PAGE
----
Thank you so much for reading. Guess what I noticed? I noticed that it bothers me that it bothers you that people keep talking about race! I agree that there is something deep and uncomfortable underneath, and I know that “race” is not real, and I think there is a way to talk about racism that honors that depth and discomfort, and unreality. I wrote in another post: “I think these things need to be said out loud: That we all suffer equally because we think things are real. And that things are real.” I do not always feel up to the challenge of holding both/and, but in the face of so much suffering as a result of false distinctions, I think it is worth trying.

      Your post also made me think of this spontaneous, incredibly powerful video made by the rapper Prince Ea, called “What No One Wants to Say About Ferguson.” Have you seen it? I would love to hear your response.

      Thanks again, best wishes!

      • And then, to support where you are coming from, there’s this, from Tony Hoagland’s poem “A Color of the Sky”:
        “What I thought was an end turned out to be a middle.
        What I thought was a brick wall turned out to be a tunnel.
        What I thought was an injustice
        turned out to be a color of the sky.”

  2. Good writing does cause a bit of a bother. Well done. I can’t get Tony Hoaglands poem out of my head – its like a koan opening and opening and opening. Its a warm sparkle of light on a leaf – nothing left unsaid.

    Feels like we just shared a glass of red wine, a rich and earthy red wine. Makes me what to ask if there is something else that race means to you.

    So glad all this just happened, I’m off to give a Dharma talk shortly, I can’t wait to hear what comes up in my talk.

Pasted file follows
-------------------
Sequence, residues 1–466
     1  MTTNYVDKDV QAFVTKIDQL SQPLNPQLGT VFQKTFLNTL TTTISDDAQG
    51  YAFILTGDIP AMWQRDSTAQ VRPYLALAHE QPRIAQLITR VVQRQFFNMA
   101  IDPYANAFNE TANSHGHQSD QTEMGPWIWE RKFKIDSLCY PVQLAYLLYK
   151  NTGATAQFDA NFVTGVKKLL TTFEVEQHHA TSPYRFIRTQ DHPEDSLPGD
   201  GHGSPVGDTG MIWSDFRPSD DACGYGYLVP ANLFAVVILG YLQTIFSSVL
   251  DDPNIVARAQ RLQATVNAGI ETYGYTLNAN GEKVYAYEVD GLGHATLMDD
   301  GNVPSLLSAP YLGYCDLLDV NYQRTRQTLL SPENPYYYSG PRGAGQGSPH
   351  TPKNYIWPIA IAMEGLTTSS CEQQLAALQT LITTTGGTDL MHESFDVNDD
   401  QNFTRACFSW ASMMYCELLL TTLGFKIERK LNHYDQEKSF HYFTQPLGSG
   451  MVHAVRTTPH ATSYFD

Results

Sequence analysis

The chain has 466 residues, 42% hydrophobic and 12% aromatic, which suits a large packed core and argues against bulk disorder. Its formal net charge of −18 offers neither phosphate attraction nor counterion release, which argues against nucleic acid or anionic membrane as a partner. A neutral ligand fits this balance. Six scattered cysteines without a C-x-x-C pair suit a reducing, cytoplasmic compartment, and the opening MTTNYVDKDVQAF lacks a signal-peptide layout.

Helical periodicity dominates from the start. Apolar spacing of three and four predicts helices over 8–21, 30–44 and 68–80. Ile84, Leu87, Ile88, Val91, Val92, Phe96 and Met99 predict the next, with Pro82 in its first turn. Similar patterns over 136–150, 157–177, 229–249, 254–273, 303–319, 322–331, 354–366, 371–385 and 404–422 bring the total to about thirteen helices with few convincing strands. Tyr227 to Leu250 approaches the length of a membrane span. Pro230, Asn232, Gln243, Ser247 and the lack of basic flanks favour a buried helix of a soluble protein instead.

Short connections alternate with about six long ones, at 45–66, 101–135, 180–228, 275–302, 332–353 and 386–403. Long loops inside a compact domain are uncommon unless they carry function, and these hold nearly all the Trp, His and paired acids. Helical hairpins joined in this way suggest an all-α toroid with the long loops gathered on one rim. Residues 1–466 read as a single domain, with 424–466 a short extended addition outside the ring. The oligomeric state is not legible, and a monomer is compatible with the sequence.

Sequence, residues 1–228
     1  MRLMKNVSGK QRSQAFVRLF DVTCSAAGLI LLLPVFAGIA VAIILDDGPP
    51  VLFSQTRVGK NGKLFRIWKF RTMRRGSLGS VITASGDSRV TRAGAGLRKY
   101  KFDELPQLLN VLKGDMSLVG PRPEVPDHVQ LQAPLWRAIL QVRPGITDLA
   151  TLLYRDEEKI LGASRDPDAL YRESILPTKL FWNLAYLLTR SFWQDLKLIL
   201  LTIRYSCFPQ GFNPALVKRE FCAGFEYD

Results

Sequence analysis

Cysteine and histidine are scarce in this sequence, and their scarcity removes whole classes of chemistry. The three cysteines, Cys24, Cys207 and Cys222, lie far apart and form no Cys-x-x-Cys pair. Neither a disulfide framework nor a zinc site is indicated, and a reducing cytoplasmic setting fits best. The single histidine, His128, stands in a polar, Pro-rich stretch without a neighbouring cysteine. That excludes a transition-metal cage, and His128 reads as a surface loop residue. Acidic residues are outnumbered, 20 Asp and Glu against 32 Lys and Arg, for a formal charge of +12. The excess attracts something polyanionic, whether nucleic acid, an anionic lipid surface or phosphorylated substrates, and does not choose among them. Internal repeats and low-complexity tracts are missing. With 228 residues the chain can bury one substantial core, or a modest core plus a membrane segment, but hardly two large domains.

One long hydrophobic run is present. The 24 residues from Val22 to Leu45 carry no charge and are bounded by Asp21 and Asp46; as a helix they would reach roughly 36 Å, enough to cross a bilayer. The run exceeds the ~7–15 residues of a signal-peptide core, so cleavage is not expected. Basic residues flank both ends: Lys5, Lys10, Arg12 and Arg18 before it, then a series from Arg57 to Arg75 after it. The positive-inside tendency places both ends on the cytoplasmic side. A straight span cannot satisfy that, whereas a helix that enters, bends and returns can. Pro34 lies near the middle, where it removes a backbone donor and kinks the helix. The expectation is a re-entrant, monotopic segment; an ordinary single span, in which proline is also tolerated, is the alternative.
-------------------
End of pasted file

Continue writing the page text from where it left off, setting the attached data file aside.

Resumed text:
3. Hi Amy
    I like the fire that keeps coming up in you and your family. It seems like something true at the center of things. I also like the way you identify with those whom no one identifies with. Another tending of the fire.

    • Thank you, John. I remember you saying, very early in the time I started attending PZI, that throwing a fit with someone could be a form of intimacy. That stayed with me, and I take solace in it when the rawness just seems to want a voice. It’s none of my business why, I guess.
      Thanks so much,

  4. Ames! Scrumpette and I read this post together and we both love it!
    Ames! I love your living out loud. I’ve also been following the Charlie story like a bloodhound, which has given me some epiphanies about politics. We need to keep writing out our epiphanies and evolving ideas!!

  5. Amy, I really liked this blog. How is that we can rage about something one day, and the next day be more at ease with the topic? And I pictured a river, that on most days moves and flows with the terrain. Along comes a storm and the river rages over the terrain without paying attention to the detail of the land. A day later it is back to its normal path, although it is changed a bit from the storm. Do we change after a rage? I would like to think we do, that we find a better path for ourselves and learn to appreciate the simplicity of life. I appreciate you being able to put your thoughts and emotions into words.